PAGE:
Movie Review

  • Lions for Lambs review
Already cornering the award for “least hyped Tom Cruise movie ever,” Lions for Lambs has all the makings of an Oscar nominee; the ensemble cast du jour, three interlocking stories that don’t quite come together, and a very loaded subject matter. Yet, despite very strong performances (even from Mr. Scientology Cruise), a moving plot about the war in Afghanistan, and probing dialogue by The Kingdom writer Matthew Michael Carnahan, something is missing from this movie… oh right, the movie part.

Originally conceived as a play, and probably better off as such, Lions for Lambs is more of an elegy on the importance of standing for something than a film, relying on probing conversations rather than action to propel the story forward. The first and most engaging conversation takes place between Republican Senator Jasper Irving (Tom Cruise) and veteran TV reporter Janine Roth (Meryl Streep). Irving invites the skeptical Roth to his office for a one-on-one interview to discuss a new stratagem in Afghanistan that he is positive will decisively win the war on terror.

The stratagem, which began “ten minutes ago,” involves dispatching small teams of highly trained men to head off the Taliban at high points along the Afghani border. Irving insists that the military’s superior “intelligence” will reduce risk and increase reward, but the intelligence isn’t so accurate when the first copter sent to the mountains is shot down by a supposedly inactive machine gun. The scuffle renders the copter useless and strands two idealistic young soldiers, Arian Finch (Derek Luke) and Ernest Rodriguez (Michael Pena).

Meanwhile on the campus of an elite California University, Finch and Rodriguez’s former professor, Dr. Stephen Malley (Robert Redford), tries to incite slacker Todd Hayes (Andrew Garfield) to follow their example and apply his incredible potential towards making a difference. The film unfolds in relative real-time as one member in each duo attempts to inspire the other to action, whether it’s to feed America “a win” without question, to go to class more, or simply to stay alive.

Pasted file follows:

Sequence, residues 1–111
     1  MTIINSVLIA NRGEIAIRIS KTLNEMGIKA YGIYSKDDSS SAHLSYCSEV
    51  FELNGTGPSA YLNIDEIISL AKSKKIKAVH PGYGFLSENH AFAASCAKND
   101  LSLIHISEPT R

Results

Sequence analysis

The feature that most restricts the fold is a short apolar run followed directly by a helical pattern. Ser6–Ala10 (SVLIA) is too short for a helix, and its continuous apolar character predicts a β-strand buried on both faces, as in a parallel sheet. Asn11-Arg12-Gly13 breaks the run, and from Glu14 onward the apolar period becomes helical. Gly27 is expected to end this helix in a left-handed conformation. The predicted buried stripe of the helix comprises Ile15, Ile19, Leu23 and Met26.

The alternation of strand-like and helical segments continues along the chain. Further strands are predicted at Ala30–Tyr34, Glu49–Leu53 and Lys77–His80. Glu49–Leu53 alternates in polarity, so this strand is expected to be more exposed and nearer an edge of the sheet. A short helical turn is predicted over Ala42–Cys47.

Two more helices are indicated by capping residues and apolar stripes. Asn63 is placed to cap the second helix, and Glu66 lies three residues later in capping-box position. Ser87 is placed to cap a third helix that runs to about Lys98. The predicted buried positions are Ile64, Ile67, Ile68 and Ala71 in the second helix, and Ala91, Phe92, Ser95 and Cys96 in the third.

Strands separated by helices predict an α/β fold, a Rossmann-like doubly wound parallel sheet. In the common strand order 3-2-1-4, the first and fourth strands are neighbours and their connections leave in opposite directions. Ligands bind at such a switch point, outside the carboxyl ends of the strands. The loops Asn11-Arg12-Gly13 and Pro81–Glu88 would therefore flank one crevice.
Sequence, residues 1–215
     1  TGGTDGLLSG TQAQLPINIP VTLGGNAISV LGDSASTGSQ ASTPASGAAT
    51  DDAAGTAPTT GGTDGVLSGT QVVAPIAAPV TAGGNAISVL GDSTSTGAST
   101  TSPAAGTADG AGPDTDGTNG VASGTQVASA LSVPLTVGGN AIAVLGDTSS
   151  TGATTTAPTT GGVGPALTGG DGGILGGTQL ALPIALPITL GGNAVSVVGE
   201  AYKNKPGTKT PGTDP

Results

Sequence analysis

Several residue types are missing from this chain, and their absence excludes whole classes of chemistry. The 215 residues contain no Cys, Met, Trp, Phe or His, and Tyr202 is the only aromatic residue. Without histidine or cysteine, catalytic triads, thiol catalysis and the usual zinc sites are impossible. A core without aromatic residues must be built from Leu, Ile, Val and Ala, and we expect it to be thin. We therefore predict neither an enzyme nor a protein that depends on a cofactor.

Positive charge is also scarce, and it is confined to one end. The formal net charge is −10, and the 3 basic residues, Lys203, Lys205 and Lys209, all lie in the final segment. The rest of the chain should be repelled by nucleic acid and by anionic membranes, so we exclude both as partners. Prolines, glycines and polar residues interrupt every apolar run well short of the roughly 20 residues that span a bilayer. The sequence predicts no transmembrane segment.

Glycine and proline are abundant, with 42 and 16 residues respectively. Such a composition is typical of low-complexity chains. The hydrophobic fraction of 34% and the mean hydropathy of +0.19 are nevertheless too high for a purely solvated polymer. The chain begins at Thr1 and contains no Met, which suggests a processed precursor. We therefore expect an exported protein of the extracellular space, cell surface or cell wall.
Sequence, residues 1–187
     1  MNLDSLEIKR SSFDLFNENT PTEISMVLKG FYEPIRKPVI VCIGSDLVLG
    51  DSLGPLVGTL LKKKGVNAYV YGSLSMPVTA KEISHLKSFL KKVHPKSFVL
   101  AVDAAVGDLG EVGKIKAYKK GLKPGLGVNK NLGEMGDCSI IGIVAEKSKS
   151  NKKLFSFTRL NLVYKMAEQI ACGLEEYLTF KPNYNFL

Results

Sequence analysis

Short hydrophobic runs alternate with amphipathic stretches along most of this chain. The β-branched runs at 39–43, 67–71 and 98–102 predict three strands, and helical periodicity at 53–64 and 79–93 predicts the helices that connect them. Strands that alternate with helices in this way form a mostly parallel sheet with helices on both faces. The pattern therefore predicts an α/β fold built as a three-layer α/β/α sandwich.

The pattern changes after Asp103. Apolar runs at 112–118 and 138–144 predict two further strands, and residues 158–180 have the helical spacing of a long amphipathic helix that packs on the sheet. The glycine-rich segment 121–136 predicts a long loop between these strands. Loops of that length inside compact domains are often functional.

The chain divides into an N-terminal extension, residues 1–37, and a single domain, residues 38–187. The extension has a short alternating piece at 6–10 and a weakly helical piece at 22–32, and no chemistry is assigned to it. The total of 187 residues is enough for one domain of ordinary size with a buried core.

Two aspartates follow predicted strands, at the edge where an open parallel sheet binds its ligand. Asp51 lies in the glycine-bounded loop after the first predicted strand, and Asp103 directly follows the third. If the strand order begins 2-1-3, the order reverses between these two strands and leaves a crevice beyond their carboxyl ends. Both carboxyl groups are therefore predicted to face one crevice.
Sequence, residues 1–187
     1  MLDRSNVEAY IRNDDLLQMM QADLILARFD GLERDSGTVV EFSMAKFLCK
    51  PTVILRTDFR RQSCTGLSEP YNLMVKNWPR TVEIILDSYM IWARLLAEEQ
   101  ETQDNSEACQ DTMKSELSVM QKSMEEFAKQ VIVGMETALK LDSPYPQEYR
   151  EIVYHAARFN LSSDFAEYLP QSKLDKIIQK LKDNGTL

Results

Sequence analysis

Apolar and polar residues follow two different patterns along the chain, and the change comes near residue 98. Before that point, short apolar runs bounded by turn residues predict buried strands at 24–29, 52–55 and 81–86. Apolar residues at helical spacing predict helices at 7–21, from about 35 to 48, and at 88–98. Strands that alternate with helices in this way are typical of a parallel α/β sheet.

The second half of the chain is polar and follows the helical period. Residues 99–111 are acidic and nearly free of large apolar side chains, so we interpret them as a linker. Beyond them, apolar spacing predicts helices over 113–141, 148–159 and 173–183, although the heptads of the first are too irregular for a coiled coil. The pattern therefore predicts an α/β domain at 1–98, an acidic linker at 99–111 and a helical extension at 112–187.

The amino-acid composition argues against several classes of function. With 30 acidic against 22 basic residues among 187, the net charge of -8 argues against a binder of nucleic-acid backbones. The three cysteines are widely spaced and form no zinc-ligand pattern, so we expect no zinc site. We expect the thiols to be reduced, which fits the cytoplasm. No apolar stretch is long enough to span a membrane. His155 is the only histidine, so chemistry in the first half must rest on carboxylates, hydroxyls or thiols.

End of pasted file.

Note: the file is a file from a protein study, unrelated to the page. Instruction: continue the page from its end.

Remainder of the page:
Because the film is inherently static, the majority of it taking place in someone’s office, the script relies on powerful performances to keep the audience engaged. Streep and Cruise are the most successful, with a realistic back and forth that probes deep into the flaws of the government and media without vilifying either side. Luke and Pena drive the emotional center of the film and do a good job establishing a friendship built on similar struggles and goals, but they serve more as catalysts for the other two conversations than as developing characters themselves. Redford and Garfield have the most difficult job, stuck discussing what it means to get involved on a philosophical level. Though both play their roles with conviction, at the end of the day, two guys drinking coffee debating questions with no answers just isn’t visually exciting.

Still, the overall strong performances help momentarily distract the audience from the fact that the film never really went anywhere. Sure it brought up (not entirely new) issues, it challenged us to take action, maybe it even made us cry (guilty), but did anything really happen? As a play, I would commend Lions for Lambs without question, but once it becomes a film isn’t there supposed to be a little thing called plot? Something more than discourse on loaded political issues that have already been attacked ad nauseam?

The problem with turning away from this movie is that you then by default prove the message the film is promoting: that when faced with challenges, our country would rather change the channel than get involved. In that sense, this is the most genius film ever created because it inherently guilts you into seeing it and thinking about the issues it ponders. Ultimately that’s a guilt-trip worth taking, since no matter where you stand, you have stand somewhere, and you won’t leave Lions for Lambs without discussing it.
7 / 10 stars
Rating: movie reviewed rating

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